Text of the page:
According to Wikipedia, Cape Dory Yachts “was a Massachusetts based fiberglass boat builder which operated from 1963 to 1996.” So it figures that the indie duo Tennis, whose debut is inspired by a seven-month sailing cruise of the Atlantic states, would choose such a name. And what we have here is hyper-pleasant, mid-tempo indie pop. Reference points? Well, there’s a definite care-free, vacation punk feel to this record, so I’d have to go with Vampire Weekend on one hand, with a bit of the languorous songswells of Beach House undergirding things. Also, there’s a big helping of the oldie-but-goodie sensibility that informs the She & Him records. It’s all well and good, but Cape Dory is a record of fleeting pleasures. There’s not a whole lot to really jump on board with, perhaps owing to the fact that this was a record inspired by an escapist life at sea. But that’s OK. It’s highly enjoyable for what it is, and Tennis is a band full of promise. Their songs really grow on you, and I can envision great things coming from them in the not-too-distant future.

Cohesion (5/5)
Concept (4/5)
Consequence (3/5)
Consistency (5/5)
Songs (4/5)

AMG review
Pitchfork review
Sputnik Music review
Paste review
Metacritic reviews

Quick Review (LP): Contra by Vampire Weekend

Vampire Weekend
Contra
XL; 2010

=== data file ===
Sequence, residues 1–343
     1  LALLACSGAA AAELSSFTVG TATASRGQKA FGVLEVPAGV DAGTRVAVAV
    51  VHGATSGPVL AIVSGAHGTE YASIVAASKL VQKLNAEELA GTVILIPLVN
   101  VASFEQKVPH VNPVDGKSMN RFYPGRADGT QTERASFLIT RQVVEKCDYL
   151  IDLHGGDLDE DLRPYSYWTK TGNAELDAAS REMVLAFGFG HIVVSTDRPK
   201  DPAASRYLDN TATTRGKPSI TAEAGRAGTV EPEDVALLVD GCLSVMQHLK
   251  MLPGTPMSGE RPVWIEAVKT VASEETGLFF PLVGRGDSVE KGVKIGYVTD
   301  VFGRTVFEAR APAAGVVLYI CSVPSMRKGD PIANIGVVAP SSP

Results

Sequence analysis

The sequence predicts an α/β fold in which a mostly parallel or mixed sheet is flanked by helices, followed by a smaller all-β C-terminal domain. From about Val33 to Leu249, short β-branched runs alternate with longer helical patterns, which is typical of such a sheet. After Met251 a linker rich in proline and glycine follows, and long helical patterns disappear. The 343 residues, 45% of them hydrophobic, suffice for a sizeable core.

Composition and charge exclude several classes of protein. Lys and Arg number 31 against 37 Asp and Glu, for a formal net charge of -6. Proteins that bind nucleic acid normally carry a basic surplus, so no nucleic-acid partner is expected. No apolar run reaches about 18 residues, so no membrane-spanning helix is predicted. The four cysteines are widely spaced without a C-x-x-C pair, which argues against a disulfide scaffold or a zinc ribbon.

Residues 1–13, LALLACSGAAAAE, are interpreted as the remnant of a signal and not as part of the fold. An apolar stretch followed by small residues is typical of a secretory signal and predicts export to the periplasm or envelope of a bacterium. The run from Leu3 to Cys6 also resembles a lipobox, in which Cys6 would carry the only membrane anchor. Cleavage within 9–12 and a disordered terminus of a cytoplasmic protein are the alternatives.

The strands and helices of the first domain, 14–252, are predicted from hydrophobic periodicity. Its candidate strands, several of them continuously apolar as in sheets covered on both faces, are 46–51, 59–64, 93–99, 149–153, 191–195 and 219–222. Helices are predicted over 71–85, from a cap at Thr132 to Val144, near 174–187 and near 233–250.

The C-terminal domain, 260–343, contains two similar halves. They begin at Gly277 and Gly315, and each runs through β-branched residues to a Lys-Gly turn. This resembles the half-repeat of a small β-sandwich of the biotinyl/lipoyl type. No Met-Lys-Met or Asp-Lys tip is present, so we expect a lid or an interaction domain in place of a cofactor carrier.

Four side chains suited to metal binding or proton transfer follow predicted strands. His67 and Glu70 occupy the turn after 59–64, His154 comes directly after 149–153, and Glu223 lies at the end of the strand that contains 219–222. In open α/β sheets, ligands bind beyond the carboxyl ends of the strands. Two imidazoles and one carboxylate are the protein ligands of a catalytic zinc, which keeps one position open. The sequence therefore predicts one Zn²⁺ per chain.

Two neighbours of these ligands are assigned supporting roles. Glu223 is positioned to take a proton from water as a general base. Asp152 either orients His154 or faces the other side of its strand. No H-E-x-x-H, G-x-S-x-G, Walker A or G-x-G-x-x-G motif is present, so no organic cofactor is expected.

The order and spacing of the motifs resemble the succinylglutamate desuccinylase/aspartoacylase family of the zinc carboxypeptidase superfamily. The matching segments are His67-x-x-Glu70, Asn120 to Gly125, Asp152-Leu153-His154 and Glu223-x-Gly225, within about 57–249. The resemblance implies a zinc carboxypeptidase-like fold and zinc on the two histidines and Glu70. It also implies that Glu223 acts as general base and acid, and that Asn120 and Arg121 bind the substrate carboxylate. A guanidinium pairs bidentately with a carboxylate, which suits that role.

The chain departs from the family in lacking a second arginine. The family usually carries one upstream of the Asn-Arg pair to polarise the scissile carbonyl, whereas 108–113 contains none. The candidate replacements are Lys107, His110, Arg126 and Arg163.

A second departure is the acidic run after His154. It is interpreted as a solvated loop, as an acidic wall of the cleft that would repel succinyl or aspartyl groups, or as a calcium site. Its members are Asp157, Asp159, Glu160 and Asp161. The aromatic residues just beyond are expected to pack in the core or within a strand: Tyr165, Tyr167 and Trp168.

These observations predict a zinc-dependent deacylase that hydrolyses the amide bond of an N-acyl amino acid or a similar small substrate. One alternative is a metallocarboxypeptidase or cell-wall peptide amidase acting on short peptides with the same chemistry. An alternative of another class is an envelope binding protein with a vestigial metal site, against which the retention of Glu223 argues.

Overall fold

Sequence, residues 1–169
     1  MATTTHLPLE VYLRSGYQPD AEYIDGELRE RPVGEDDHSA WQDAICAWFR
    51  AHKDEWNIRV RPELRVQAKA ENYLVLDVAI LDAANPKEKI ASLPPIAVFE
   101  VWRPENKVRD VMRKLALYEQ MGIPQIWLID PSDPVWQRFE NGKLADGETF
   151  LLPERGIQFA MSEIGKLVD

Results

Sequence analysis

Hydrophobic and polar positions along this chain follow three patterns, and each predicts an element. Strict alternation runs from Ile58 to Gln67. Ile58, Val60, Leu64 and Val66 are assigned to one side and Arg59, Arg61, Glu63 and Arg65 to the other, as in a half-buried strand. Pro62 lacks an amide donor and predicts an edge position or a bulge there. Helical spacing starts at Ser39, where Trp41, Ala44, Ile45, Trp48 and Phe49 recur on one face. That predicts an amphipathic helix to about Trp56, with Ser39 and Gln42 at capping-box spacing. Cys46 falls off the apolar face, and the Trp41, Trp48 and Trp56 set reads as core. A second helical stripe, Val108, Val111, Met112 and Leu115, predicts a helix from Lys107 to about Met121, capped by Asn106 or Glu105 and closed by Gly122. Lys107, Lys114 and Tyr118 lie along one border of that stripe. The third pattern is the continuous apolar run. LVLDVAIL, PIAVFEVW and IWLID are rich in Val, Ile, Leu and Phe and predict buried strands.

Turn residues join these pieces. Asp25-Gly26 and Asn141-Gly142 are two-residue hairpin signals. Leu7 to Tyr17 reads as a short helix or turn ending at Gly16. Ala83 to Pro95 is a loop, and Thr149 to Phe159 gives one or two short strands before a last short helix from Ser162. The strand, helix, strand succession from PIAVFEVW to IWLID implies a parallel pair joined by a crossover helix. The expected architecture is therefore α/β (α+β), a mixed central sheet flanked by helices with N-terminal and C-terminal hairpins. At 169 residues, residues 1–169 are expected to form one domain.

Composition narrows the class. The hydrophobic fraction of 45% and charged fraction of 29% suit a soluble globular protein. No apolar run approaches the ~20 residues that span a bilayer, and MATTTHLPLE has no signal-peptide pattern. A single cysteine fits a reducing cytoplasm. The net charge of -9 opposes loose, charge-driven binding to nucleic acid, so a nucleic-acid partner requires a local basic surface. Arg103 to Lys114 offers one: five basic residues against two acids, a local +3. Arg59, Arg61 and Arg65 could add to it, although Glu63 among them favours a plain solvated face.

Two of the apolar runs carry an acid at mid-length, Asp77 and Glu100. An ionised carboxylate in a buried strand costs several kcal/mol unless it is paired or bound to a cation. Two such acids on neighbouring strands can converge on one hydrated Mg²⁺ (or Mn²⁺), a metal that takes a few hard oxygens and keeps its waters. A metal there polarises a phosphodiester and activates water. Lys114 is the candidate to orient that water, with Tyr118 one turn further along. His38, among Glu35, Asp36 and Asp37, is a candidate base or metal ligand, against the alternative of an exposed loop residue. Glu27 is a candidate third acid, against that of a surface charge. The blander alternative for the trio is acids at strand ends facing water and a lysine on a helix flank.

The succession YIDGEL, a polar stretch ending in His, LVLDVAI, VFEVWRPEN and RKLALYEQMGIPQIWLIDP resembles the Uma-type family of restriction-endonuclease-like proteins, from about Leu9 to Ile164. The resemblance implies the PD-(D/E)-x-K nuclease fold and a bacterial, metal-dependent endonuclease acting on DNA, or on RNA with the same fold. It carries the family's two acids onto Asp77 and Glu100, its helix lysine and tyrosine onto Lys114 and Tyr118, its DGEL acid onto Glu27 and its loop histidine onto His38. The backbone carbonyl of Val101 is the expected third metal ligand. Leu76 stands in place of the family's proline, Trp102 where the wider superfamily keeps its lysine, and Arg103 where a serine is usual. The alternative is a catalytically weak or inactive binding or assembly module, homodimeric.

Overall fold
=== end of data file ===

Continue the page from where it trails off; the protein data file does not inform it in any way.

My Rating: B

Best Tracks: “Horchata”, “Cousins”, “Holiday”

Vampire Weekend’s debut LP was so good that it earned them a lifetime credibility with me. The only thing that could possibly find me not buying their future releases would probably fall under the heading of either “egregious criminal activity” or “Live with Santana.” Even so, this wasn’t at all what I expected. About half of the songs here have at least the potential to live up to the standards set by the likes of “M79”, “Oxford Comma”, and “Walcott,” but unfortunately none of them actually do in execution. If it was a more mature sound that the band was shooting for with LP2, I could have lived with that. Tracks like “Horchata” and “Diplomat’s Son” work well enough stripped of the punk vigor embued in all of the tracks from their debut. However, I’m left scratching my head when tracks like “Cousins” and “Holiday” are interspersed. Furthermore, while on one hand I like it, I wish the band hadn’t made such an obvious play for airwave domination with “Giving Up The Gun.” I know Weezer surrendered to the corporate pop gods a few albums in; I wish VW had at least waited until LP4 or 5. As long as they make albums, I’ll buy them, but I hope I can be more excited about the listen next time around.